The Life of Jesus in Harmony
THE HIGH PRIEST, (Heb. hakkohen, "the priest," hakkohen haggadol, "the great
priest"). The high priest formed the culminating point in the Israelite
hierarchy. The first to fill this high position was Aaron.
Following the Captivity. An interval of about
fifty-two years elapsed between the high priests of the second and third
group, during which there was neither Temple
, altar, Ark, nor priest. Jehozadak, who should have succeeded Seraiah, lived
and died a captive at Babylon. The pontifical office revived in his son, Jeshua
(which see, and he stands at the head of this series), honorably distinguished
for his zealous cooperation with Zerubbabel in rebuilding the Temple and
restoring the dilapidated commonwealth of Israel
. His successors, so far as given in the OT, were Joiakim, Eliashib, Joiada,
Jonathan, and Jaddua. Jaddua was high priest in the time of Alexander the Great.
Jaddua was succeeded by Onias I, his son, and he again by Simon
the Just, the last of the men of the great synagogue
. Upon Simon's death, his son Onias being under age, Eleazar, Simon's brother,
succeeded him. The high priesthood of Eleazar is memorable as being that under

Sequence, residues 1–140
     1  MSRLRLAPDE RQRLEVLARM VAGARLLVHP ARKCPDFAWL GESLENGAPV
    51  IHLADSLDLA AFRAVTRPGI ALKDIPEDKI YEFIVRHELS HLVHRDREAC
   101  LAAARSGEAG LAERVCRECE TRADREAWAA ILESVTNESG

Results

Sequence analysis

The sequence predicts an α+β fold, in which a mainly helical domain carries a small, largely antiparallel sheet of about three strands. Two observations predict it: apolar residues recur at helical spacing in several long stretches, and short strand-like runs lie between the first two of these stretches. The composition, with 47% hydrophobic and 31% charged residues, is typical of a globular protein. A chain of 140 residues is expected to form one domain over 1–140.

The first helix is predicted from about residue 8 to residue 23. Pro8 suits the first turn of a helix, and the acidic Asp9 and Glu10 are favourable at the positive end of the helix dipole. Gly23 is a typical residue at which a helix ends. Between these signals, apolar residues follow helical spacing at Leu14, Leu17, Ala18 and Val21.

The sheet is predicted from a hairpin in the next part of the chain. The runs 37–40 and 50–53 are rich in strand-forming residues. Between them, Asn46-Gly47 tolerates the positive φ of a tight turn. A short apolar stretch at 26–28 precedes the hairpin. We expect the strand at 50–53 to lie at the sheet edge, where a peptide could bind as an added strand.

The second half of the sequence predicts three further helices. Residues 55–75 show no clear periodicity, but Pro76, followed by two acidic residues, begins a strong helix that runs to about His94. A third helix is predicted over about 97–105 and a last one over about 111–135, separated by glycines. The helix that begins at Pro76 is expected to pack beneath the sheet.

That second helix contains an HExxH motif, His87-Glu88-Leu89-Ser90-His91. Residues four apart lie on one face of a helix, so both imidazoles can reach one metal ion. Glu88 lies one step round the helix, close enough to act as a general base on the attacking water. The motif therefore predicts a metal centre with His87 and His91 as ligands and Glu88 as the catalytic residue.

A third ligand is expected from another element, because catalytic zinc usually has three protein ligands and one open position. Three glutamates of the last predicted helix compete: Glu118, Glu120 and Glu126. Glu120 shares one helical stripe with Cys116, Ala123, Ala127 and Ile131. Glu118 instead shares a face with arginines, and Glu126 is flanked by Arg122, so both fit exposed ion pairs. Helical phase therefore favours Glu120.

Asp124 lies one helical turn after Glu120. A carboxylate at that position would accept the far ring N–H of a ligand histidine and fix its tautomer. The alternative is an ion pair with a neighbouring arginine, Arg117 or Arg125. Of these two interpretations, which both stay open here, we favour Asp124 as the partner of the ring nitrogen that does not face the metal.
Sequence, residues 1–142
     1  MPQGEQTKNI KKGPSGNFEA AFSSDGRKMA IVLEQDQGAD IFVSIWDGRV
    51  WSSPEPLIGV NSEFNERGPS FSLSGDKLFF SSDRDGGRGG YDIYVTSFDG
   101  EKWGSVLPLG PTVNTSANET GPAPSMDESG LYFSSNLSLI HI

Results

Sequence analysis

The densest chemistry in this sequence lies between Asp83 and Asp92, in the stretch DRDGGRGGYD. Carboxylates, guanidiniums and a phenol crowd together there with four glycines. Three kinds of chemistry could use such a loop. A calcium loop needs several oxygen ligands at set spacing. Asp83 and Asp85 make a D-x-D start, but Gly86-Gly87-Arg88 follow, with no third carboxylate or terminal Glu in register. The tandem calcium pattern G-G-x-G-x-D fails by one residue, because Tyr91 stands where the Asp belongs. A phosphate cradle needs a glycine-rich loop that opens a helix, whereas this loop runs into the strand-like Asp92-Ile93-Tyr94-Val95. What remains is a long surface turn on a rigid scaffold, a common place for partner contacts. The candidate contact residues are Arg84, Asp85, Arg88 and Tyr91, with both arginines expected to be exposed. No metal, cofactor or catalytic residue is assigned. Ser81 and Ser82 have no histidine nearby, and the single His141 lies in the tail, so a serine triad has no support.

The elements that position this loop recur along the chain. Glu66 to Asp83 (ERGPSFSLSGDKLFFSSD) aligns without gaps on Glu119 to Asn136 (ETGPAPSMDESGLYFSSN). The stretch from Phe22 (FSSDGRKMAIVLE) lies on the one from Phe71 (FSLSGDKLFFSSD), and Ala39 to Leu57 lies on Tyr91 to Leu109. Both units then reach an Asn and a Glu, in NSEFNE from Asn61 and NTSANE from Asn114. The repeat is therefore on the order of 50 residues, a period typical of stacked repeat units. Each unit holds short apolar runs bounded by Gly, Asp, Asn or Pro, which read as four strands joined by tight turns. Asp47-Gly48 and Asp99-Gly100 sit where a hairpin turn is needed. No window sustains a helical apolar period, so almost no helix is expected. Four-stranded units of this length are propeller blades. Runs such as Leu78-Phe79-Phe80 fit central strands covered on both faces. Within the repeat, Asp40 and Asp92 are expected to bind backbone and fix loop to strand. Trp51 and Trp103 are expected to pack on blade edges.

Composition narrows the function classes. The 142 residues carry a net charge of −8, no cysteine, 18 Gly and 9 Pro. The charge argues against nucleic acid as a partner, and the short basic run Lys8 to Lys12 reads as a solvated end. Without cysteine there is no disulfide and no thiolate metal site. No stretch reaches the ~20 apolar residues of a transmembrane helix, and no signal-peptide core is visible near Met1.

which the LXX version of the Scriptures was made at Alexandria.
After the high priesthood had been brought to the lowest degradation by the
apostasy and crimes of the last Onias or Menelaus, and after a vacancy of seven
years had followed the brief pontificate of Alcimus, his no less infamous
successor, a new and glorious succession of high priests arose in the Hasmonaean
family. This family was of the division of Jehoiarib <1 Chr. 24:7>, whose return
from captivity is recorded in <9:10>; <Neh. 11:10> and lasted from 153 B.C. until
the family was destroyed by Herod the Great
. Aristobulus, the last high priest of his line, was murdered by order of
Herod, his brother-in-law, 35 B.C.
"There were no fewer than twenty-eight high priests from the reign of Herod to
the destruction of the temple by Titus, a period of one hundred and seven
years. The New Testament introduces us to some of these later and oft-changing high
priests, viz., Annas, Caiaphas
, and Ananias. Theophilus, the son of Ananus, was the high priest from whom
Saul received letters to the synagogue at Damascus (Acts 9:1,14). Phannias, the
last high priest, was appointed by lot by the Zealots from the course of priests
called by Josephus Eniachim (probably) a corrupt reading for Jachim"